## A Mathematics Lesson Starter Of The Day

The animation showing all of the triangles, one by one, is available above when you are signed in to your Transum subscription account. If you do not yet have an account and you are a teacher or parent you can apply for one here.

Topics: Starter | Combinations | Problem Solving | Shape

• B Unit, Texas
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• There are 39, not 37
• Ryan Ames, Edmonton
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• I count 51
Not double counting anything
and remembering that a triangle is just that three angles in which all angles together equal 180 and there is a bunch in there that are not right angles... Would love to know the correct answer though.
• Ricardo Estopier-Ayala, Strake Jesuit College Prep, Houston, Texas
•
• The correct answer is 37 triangles:
There are:
12 single triangles
12 triangles composed of 2 single triangles
6 triangles composed of 3 single triangles
6 triangles composed of 4 single triangles and
1 triangle composed of 6 single triangles.

- The triangles composed of 3 single triangles were the hardest to find, but u can use the giant(composed of 6 single triangles) triangle to find them; they are all contained in it.
- The triangle composed of 4 single triangles are the same triangles as the ones composed of 3 single triangles, except for the fact that they have just added one triangle to the end.
- I am unsure how to respond to the person who found 51 triangles other than to say that he/she might have confused the definition of a triangle: A plane geometric figure with three angles and three sides.
• Australia Class, Preston, Lancashire, England
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• Our class found different ways and strategies to solve this puzzle. We found 37 triangles and we enjoyed it! Thank you.
• Mr Kavanagh's Fifth Class, Cork, Ireland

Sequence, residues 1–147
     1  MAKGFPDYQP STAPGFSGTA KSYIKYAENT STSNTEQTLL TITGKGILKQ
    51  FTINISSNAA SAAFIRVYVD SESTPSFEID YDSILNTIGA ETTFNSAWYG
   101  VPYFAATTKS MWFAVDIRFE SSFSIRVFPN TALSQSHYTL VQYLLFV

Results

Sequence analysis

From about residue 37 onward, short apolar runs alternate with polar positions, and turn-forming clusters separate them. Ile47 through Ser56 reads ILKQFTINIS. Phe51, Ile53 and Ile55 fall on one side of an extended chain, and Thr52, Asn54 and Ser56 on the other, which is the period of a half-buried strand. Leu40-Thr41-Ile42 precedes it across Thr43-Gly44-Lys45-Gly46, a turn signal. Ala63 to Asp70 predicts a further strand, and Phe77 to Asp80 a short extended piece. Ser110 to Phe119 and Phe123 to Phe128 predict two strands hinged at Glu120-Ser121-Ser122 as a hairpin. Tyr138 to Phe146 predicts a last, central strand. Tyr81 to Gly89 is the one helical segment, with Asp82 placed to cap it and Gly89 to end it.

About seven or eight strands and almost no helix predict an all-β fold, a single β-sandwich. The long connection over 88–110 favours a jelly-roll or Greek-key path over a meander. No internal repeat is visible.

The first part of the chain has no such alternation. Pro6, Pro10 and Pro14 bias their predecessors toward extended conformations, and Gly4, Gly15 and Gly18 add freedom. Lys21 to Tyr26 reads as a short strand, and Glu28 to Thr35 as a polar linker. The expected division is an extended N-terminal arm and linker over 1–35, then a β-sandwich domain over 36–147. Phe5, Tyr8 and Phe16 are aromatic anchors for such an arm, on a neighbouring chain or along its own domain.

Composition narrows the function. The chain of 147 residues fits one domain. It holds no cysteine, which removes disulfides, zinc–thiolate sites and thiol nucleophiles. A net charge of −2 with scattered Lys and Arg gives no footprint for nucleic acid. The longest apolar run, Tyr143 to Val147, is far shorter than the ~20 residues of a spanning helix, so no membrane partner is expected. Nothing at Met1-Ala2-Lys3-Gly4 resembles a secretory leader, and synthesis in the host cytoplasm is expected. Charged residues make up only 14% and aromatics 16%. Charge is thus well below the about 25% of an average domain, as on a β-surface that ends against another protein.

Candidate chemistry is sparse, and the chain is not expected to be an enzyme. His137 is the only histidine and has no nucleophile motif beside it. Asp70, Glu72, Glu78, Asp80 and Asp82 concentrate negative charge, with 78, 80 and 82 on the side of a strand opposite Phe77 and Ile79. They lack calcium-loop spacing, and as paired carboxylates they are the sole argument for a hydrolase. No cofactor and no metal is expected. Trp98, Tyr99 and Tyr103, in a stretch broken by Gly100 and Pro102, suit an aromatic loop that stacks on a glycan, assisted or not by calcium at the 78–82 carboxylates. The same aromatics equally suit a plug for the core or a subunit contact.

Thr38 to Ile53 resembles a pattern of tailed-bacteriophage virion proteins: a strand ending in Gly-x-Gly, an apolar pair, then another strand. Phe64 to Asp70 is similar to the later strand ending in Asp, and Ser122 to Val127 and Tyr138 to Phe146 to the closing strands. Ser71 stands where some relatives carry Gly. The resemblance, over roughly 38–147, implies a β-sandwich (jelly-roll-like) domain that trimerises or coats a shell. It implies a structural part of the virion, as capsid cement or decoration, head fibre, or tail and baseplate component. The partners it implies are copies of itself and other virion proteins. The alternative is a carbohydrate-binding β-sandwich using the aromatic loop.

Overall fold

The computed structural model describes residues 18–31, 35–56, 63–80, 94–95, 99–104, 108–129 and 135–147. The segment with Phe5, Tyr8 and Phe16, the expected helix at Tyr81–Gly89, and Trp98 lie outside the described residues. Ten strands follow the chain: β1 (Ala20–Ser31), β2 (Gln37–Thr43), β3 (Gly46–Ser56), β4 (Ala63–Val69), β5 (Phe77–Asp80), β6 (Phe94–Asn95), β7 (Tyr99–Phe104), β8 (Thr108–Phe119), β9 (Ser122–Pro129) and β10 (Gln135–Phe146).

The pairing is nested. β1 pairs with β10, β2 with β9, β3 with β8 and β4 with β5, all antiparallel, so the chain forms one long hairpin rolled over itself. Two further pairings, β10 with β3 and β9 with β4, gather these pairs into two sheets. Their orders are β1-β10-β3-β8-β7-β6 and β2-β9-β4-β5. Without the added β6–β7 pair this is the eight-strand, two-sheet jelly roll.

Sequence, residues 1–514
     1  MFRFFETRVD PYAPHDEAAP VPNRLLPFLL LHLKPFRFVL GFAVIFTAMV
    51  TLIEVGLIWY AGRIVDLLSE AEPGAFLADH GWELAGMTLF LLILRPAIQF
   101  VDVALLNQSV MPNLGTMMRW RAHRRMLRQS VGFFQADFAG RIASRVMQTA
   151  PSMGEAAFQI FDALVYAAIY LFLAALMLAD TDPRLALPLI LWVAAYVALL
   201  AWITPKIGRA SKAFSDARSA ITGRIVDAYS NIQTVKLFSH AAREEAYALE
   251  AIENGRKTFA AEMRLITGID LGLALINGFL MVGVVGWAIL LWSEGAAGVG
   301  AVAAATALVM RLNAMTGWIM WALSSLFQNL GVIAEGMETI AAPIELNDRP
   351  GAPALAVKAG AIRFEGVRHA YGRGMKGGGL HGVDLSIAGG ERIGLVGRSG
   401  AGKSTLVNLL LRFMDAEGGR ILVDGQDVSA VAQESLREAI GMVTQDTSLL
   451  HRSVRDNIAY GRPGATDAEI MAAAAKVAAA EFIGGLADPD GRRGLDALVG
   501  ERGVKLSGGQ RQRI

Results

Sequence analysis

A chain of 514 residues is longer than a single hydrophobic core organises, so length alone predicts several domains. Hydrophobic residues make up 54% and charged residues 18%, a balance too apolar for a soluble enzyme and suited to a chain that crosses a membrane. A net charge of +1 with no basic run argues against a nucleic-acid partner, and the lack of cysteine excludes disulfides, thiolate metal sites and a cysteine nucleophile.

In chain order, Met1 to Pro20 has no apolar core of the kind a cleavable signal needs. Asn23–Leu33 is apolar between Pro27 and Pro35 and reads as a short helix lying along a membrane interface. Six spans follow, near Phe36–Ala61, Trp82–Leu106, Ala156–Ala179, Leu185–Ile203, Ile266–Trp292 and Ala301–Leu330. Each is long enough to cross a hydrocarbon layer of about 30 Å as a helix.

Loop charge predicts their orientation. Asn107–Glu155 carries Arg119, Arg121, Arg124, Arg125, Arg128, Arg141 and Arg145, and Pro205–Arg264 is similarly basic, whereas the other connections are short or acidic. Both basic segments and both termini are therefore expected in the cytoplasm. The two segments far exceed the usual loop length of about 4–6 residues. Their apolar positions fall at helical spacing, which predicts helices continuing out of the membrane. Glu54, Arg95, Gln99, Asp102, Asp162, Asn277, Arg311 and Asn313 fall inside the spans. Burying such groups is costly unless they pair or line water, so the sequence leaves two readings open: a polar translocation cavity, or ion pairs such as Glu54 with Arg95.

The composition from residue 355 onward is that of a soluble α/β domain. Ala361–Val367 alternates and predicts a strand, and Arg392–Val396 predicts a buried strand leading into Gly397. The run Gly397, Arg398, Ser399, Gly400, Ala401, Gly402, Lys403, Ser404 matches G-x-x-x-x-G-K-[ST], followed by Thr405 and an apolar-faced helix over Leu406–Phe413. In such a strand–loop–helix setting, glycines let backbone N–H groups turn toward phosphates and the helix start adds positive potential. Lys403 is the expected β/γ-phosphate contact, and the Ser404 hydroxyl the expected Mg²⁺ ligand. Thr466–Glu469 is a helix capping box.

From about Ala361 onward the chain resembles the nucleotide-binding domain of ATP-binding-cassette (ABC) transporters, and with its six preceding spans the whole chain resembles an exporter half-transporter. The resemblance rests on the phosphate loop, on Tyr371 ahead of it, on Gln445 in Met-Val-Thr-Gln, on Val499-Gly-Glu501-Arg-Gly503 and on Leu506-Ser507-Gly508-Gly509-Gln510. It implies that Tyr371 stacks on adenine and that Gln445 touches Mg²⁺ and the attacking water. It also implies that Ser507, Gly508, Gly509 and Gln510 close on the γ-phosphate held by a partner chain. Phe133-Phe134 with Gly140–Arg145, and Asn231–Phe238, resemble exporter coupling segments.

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• Most of the class got lower numbers than 37. The teacher found 27 and when we looked at the answer we realised that there were 37. Abbie got the closest with 30.
• Transum,
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• As you can see by clicking on the button underneath the title at the top of this page we have provided a dynamic answer to this question. The challenge is for pupils to show their solution in a clear, organised way of their own. It could be a static series if diagrams or they too may decide to show their solutiion in a dynamic way using the animation tools of PowerPoint, Prezi or similar. Feel free to send Transum any examples of your pupils' work, we may post them on this page.
• Sophie, Korea
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• We think that there were 40 triangles!
• Harry & Lauren, Shenton College, Australia
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• We found that the answer was 25, it was fun to spot all of the hidden triangles as we viewed the shape from different angles.

How did you use this starter? Can you suggest how teachers could present or develop this resource? Do you have any comments? It is always useful to receive feedback and helps make this free resource even more useful for Maths teachers anywhere in the world.

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